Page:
National group provides end of life options
Published Saturday, February 4, 2012 4:45PM MST
It's been a controversial topic for decades.
Canada's right-to-die laws are being challenged in British Columbia as Gloria Taylor believes she should be able to decide how she dies.
In Calgary, the Dying with Dignity organization spoke to people about those rights at an event held Saturday afternoon.
Wanda Morris says the majority of Canadians, nearly two thirds, believe they should be the ones to decide how they want to die.
Morris travels the country educating people about preparing for death, and their rights surrounding the topic
"It's important we have safe guards and protect these people, we also have to remember that these people have rights too," says Morris. "And right now, many of them are suffering horrific deaths and they need some options."
Approximately 50 people attending the event where they learned about their options when it comes to death.
In 1972, suicide was removed from the criminal code. It remains illegal for anyone to council, aide, or abet another person with end their own life.
"It's been legal in Canada to end your own life," says Morris. "Through our client support program we provide people who are suffering at theend of life with information and support so they can have the peaceful humane death they would choose."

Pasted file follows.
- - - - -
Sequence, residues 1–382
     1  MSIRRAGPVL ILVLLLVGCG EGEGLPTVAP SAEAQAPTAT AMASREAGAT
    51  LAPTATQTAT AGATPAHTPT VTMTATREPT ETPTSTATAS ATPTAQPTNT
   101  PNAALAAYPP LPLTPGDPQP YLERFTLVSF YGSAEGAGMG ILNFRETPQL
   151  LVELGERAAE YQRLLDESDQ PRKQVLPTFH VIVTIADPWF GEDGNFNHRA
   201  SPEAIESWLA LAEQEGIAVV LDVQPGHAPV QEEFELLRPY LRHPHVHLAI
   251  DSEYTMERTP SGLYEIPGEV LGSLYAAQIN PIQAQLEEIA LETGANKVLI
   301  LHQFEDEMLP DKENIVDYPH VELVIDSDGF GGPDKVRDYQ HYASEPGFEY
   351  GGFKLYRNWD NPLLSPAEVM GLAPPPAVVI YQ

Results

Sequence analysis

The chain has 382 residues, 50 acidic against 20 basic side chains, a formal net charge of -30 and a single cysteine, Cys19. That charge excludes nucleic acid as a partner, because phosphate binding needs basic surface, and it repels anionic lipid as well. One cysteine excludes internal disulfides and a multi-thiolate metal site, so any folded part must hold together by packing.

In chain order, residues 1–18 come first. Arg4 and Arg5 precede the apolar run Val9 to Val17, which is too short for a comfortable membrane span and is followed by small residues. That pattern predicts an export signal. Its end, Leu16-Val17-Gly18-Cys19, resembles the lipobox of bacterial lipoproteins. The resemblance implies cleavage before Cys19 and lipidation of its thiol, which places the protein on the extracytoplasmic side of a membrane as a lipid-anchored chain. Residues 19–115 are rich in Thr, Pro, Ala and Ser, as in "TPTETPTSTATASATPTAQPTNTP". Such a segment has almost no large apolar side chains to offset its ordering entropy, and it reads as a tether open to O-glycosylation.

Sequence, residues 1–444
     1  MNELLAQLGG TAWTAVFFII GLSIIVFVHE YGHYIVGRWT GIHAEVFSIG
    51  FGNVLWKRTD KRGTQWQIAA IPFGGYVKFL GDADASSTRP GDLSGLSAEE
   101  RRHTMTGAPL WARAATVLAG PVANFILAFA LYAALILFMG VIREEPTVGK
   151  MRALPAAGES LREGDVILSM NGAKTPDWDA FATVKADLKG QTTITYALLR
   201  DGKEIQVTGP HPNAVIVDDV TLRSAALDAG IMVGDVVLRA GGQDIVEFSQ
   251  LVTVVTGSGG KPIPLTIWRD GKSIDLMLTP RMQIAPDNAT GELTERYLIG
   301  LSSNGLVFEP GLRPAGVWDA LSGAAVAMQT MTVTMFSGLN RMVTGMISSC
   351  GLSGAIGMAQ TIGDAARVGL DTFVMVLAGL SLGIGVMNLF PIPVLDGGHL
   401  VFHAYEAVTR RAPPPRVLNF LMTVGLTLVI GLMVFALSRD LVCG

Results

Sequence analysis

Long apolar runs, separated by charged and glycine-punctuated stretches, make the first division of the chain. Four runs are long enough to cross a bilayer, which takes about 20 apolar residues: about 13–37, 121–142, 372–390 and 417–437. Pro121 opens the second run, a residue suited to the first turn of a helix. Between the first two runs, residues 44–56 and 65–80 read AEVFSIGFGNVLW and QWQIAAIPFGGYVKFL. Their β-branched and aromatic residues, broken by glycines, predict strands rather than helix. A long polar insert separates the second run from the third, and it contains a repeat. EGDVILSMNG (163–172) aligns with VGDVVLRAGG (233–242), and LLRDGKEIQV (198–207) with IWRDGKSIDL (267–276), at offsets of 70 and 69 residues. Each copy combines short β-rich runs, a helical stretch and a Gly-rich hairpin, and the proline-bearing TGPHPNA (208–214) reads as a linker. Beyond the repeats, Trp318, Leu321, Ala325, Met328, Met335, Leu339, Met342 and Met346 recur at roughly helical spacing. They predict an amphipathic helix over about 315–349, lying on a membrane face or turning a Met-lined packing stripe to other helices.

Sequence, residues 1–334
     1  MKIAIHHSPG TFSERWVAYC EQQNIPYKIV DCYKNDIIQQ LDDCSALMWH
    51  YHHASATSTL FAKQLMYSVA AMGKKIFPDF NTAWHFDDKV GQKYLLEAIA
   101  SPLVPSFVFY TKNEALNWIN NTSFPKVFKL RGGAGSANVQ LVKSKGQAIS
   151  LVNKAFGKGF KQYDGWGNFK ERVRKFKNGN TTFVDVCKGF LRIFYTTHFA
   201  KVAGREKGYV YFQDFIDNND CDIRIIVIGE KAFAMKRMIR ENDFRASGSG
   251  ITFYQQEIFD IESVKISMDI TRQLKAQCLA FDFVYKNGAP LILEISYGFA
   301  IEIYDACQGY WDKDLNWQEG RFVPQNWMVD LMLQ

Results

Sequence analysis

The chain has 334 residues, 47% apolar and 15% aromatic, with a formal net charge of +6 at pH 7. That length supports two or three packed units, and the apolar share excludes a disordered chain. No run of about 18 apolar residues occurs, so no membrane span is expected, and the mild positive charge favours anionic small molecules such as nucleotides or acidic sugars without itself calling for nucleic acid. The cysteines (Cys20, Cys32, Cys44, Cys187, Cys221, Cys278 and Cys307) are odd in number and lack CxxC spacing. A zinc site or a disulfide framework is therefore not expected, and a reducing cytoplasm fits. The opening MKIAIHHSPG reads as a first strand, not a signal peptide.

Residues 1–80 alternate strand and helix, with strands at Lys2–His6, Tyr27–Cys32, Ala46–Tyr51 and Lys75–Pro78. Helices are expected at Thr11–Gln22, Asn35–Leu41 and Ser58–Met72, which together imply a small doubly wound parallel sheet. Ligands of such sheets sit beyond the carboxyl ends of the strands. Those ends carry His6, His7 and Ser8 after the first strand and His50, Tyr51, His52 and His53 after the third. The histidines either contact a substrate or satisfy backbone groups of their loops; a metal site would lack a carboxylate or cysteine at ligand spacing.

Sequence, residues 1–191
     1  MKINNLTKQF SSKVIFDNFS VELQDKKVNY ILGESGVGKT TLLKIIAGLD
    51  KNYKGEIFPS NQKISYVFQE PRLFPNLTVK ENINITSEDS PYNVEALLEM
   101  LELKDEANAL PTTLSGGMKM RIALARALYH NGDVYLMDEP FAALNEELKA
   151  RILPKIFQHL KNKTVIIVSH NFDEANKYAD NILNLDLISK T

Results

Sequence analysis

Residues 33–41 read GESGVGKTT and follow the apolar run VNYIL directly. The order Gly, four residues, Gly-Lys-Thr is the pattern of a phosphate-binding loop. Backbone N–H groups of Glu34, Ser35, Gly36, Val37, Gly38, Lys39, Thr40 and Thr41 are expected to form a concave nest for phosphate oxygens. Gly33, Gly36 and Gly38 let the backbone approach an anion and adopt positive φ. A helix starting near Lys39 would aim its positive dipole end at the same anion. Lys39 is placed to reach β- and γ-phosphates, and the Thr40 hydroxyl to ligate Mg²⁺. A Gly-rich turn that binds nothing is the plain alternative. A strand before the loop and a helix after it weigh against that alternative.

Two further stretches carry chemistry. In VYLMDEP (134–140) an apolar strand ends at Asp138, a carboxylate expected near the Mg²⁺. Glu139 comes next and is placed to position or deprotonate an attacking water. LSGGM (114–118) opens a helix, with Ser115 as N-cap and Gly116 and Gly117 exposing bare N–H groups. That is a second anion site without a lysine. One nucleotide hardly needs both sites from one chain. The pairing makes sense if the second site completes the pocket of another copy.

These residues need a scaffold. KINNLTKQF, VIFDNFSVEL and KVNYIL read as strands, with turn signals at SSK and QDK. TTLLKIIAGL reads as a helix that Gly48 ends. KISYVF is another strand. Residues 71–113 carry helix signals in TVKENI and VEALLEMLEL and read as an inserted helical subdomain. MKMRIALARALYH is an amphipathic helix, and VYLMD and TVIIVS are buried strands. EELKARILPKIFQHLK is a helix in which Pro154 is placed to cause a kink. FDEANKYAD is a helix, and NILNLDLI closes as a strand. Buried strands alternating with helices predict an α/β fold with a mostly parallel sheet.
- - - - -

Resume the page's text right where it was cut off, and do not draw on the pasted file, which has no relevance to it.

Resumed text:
Physician assisted death is legal in the Netherlands, Belgium, Switzerland, Luxembourg, and some U.S. states.
Morris says all Canadians should make their own advance care plan.
"I've thought a lot about death and dying," says Judy Berghofer who attended the information session. "I have health problems. I'm not dying, but I've always considered that I'm very kind to my dogs when they're dying, so ‘Why not me?"
"Why not people?"
Georgy Foster is a health care worker and is here for information to help others.
"People don't know their rights," says Foster. "A common misconception is that people think they have to do what the doctor says because they're the doctor. They're not clear on their rights. They can refuse treatment but still be treated."
Morris became involved with Dying with Dignity seven years ago when her father-in-law died after suffering from progressive dementia.
For more information visit Dying with Dignity.